Groundbreaking Research on Gene Editing for Duchenne Presented at ASGCT

The 2017 American Society of Gene & Cell Therapy took place in Washington DC last week. The Duchenne community was treated to a wealth of data from projects utilizing gene editing and gene therapy to treat Duchenne muscular dystrophy. On Wednesday, May 10, the well-attended session entitled “Gene Therapies for Musculoskeletal Diseases was chaired by Dr. Carsten Bonnemann, MD and Dr. Jerry R. Mendell, MD. The session featured robust work from many academic labs in the Duchenne space including:

Niclas Bengtsson, PhD (University of Washington): In an oral abstract entitled “Systemic Gene Editing for Muscular Dystrophy Using AAV-CRISPR/Cas9”, Dr. Bengtsson presented data demonstrating an ability to use SpCas9 and SaCas9 delivered via AAV6 to correct mutations in Duchenne.

Jacqueline Robinson-Hamm, PhD (Duke): In an oral abstract entitled “Dystrophin Restoration in a Humanized Mouse Model of Duchenne Muscular Dystrophy by Gene Editing with S. aureus Cas9”, Dr. Robinson-Hamm showed that an approach using SaCas9 and two guide-strands encapsulated in separate AAV9 vectors could be used to correct mutations in Duchenne. Given the smaller size of SaCas9, Dr. Robinson-Hamm expressed optimism that her next effort might succeed in combining both SaCas9 and two guide-strands in a single viral vector.

Rika Maruyama, PhD (Alberta): In an oral abstract entitled “Systemic Injections of Peptide-Conjugated Morpholinos Improve Cardiac Symptoms of a Dog Model of Duchenne Muscular Dystrophy”, Dr. Maruyama in partnership with Sarepta demonstrated feasibility of next-generation PMO technology to treat Duchenne in a canine model.

Nicolas Wein, PhD (Nationwide): In an abstract entitled “Prolonged Exon 2 Skipping and Robust Dystrophin Expression 1 Year Post Single Neonatal Injection of an AAV9.U7snRNA Vector in the Dup2 Mouse”, Dr. Wein demonstrated that a U7 guide strand packaged in AAV9 could be used to treat rare Duplication 2 mutations in a mouse model of Duchenne. In partnership with the patient community and Dr. Kevin Flannigan, CureDuchenne has been a long-time sponsor of this work which we hope to help translate into a clinical trial at Nationwide Children’s hospital this year.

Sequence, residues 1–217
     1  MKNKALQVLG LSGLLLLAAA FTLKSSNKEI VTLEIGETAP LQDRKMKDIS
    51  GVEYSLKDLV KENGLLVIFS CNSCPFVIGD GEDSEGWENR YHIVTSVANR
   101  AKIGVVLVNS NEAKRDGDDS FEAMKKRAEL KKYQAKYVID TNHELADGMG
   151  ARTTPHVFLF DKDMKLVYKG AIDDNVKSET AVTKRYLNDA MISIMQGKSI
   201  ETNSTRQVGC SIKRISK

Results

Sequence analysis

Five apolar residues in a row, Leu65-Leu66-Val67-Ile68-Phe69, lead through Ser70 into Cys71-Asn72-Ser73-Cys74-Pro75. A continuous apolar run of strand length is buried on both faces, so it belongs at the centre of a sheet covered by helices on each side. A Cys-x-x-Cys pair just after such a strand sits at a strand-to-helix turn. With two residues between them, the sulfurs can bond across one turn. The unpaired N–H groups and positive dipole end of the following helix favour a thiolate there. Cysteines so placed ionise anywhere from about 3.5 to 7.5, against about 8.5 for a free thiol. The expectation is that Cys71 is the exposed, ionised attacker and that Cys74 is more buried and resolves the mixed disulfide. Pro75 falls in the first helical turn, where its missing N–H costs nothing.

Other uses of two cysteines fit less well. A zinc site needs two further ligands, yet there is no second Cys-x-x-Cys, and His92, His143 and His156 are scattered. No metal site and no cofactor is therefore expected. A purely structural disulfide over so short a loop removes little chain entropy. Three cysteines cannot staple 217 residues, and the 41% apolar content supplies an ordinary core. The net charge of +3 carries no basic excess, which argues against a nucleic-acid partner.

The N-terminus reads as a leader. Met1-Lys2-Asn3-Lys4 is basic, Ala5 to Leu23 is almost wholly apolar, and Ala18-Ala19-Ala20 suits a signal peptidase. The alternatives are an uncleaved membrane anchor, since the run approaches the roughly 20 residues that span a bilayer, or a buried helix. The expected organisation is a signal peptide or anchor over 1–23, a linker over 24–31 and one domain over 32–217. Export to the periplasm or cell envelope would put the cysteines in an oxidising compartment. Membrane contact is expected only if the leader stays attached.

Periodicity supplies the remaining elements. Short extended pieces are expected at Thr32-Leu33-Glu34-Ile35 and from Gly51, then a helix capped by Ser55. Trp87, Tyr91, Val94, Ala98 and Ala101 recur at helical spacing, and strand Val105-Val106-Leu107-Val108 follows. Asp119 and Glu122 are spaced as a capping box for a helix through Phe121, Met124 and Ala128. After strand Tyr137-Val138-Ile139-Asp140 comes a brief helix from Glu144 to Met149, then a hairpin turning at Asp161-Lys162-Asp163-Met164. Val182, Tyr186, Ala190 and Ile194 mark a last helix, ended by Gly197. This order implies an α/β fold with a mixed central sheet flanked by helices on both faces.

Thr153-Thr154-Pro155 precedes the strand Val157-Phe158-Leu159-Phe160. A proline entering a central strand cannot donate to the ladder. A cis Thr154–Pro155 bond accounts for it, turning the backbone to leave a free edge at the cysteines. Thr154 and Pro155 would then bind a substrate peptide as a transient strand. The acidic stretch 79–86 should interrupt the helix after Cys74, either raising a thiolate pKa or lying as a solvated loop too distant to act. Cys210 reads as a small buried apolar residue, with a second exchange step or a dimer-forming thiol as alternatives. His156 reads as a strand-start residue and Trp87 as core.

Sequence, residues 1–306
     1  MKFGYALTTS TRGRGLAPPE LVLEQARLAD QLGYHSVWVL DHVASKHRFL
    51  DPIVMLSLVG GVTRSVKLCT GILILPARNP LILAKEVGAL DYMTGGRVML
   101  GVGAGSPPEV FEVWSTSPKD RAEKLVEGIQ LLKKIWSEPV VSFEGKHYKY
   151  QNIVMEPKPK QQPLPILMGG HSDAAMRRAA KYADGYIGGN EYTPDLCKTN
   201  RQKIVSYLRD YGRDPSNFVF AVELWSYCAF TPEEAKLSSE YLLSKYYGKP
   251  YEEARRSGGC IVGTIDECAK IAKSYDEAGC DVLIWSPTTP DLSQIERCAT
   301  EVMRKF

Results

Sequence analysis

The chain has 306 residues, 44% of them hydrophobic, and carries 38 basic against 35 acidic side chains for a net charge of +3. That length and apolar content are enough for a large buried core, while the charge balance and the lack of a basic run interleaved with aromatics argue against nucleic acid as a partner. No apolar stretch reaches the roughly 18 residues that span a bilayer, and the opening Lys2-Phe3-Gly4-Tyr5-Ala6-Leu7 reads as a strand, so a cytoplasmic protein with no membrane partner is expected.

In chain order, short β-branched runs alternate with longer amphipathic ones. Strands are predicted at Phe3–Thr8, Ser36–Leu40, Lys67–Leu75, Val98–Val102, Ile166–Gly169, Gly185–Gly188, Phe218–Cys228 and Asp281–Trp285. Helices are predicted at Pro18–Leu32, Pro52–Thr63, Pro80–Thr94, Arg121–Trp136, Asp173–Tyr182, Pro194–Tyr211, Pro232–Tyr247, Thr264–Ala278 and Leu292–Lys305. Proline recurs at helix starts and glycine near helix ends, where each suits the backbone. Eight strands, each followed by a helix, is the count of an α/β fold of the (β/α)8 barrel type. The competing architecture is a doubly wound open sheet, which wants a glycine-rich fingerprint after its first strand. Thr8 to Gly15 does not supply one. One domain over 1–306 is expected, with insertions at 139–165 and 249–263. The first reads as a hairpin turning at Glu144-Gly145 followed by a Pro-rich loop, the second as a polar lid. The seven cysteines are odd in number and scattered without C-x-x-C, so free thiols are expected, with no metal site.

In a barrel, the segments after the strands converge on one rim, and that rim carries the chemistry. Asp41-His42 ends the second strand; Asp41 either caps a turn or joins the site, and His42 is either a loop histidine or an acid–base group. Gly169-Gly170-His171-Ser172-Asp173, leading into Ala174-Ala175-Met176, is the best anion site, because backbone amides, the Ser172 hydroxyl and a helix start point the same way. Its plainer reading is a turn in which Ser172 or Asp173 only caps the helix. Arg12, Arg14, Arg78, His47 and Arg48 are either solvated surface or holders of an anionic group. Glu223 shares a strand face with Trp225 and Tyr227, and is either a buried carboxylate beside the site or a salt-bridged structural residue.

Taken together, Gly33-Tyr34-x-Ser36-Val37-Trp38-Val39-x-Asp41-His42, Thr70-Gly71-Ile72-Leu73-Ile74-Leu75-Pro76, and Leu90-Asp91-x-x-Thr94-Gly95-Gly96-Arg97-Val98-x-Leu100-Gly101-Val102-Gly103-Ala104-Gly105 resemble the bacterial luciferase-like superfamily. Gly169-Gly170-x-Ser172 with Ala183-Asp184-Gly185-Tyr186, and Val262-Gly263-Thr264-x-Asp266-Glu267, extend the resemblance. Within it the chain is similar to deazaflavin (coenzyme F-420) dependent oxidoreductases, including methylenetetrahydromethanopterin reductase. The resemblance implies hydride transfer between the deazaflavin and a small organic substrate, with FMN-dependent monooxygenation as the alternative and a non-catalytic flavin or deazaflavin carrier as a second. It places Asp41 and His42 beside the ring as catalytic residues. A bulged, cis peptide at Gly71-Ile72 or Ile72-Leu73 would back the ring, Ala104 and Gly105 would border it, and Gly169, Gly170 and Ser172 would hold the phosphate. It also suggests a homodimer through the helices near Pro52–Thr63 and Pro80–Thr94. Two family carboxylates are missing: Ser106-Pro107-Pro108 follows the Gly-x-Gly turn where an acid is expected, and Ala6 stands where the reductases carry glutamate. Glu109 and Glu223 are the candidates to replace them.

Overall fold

Perhaps the highlight of the conference took place during the George Stamatoyannopoulos Lecture on Thursday May 11. Dr. Eric Olson, PhD, Chair of Molecular Biology at UT Southwestern, was honored to give a presentation demonstrating how his research on gene editing technologies like CRISPR/Cas9 and Cpf-1 can be used to correct mutations that lead to Duchenne muscular dystrophy. Dr. Olson’s presentation highlighted the importance and therapeutic value of advancing work in gene editing therapies for Duchenne, and showed how a single-guide strand and SpCas9 delivered by AAV9 could potentially be used to treat Duchenne patients with point mutations, deletions, duplications, and pseudo-exons. Dr. Olson reported that the ground-breaking work in his lab has been able to achieve 80-90% restoration of dystrophin production in a mouse model with deletion of exon 50 that without therapeutic intervention makes less than 1% dystrophin.

Dr. Olson is excited to continue translation of his exciting pre-clinical research in Duchenne into a clinical therapy through a biotech company he has collaborated with CureDuchenne to form called Exonics Therapeutics. CureDuchenne is actively looking for partners in the patient community that would like to join in funding support for Exonics, to translate Dr. Olson’s transformational CRISPR/Cas9 research, into a potential therapy to treat Duchenne patients in clinical trials.

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